Organizer of economic discussion hopes event sparks dialogue
CHARLESTON, W.Va. -- There's precious little optimism in most discussions about West Virginia's economic future.
Jeremy Richardson, a fellow at the Union of Concerned Scientists in Washington, D.C., hopes to change that with his event "A Bright Economic Future for the Mountain State," coming to the Clay Center this week.
Richardson, who grew up outside of Fairmont, organized the event along with the West Virginia Center on Budget and Policy.
"The whole point of this event was to try to really have a conversation about what we want our future to look like in West Virginia," he said. "My goal for this is to try to help people's idea of what's possible."
Richardson has spent the last year and a half analyzing the future of West Virginia's coal energy, and how it would affect the state's economy. His paper on that research will soon be submitted to an academic journal, but Richardson plans to talk about some of his findings during Wednesday's event.
Richardson's fellowship with the Union of Concerned Scientists ends this month, and he said the Clay Center event would serve as a culmination of his research.
Speakers include representatives from nonprofits, the faith community, academic community, state government officials and businesspeople.
The event begins 6 p.m. Tuesday with a reception including keynote addresses from West Virginia Senate President Jeff Kessler and Secretary of State Natalie Tennant,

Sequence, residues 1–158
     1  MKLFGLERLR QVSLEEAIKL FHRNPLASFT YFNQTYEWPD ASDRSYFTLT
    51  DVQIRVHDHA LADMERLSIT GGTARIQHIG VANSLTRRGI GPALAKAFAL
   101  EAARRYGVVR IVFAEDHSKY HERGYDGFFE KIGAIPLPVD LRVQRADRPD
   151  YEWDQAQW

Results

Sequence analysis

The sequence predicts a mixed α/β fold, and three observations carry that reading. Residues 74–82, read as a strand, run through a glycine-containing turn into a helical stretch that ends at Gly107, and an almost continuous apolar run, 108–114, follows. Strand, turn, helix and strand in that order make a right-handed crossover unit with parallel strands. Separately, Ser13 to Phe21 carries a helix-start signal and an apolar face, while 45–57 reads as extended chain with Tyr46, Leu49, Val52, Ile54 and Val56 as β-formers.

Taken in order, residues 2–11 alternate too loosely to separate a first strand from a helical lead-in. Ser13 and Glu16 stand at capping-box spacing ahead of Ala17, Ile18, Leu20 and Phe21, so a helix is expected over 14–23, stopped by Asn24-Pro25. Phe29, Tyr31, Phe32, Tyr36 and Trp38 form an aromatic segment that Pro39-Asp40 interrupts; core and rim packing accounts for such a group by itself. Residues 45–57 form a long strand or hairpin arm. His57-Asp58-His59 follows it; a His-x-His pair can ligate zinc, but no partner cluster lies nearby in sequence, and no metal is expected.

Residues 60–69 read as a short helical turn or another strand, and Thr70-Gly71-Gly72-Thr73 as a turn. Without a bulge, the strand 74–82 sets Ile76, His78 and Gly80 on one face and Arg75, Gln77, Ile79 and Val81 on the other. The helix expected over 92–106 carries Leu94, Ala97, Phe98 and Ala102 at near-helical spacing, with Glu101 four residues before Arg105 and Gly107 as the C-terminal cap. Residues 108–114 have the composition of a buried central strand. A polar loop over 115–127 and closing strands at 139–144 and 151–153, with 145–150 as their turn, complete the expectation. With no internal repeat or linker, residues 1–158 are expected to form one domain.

A full day of panels and discussions begins at 8:30 a.m. Wednesday.
At 9 a.m. Beth Vorhees of West Virginia Public Radio will serve as moderator for the panel "West Virginia in 30 Years."
Panelists will include former congressman Alan Mollohan, Anne Barth, executive director of the TechConnectWV, Matt Ballard, president of the Charleston Area Alliance, and Scott Rotruck of Chesapeake Energy.
Other speakers include Ted Boettner, executive director of the West Virginia Center on Budget and Policy, who will deliver a talk about the proposed trust fund some state lawmakers hope to create using natural gas tax revenues.
At 11:40 a.m., Richardson will talk about "a roadmap for sustainable economic development."
Sen. Jay Rockefeller also will speak to the crowd during lunch.
"The idea was to get a cross-section of perspectives to try to foster a conversation," Richardson said.
He said he invited experts who could talk about specific, concrete ideas about how West Virginia can diversity its economy. Some will speak about programs already in place in West Virginia, while others are experts will bring ideas from other states that could be co-opted here.
"The idea for this. . .was not to talk about problems, but to talk about solutions," he said.
Documentary director Elaine McMillion will host a screening of her project documentary "Hollow" at 7:30 p.m. Wednesday. The interactive documentary is made up of 30 shorter documentaries created by McMillion and her production team of McDowell County residents. The project also includes photos, data visualizations and maps.
The event is free to the public, but Richardson said anyone interested in attending should visit www.ucsusa.org/wvbright
future to register. Seats are filling up fast.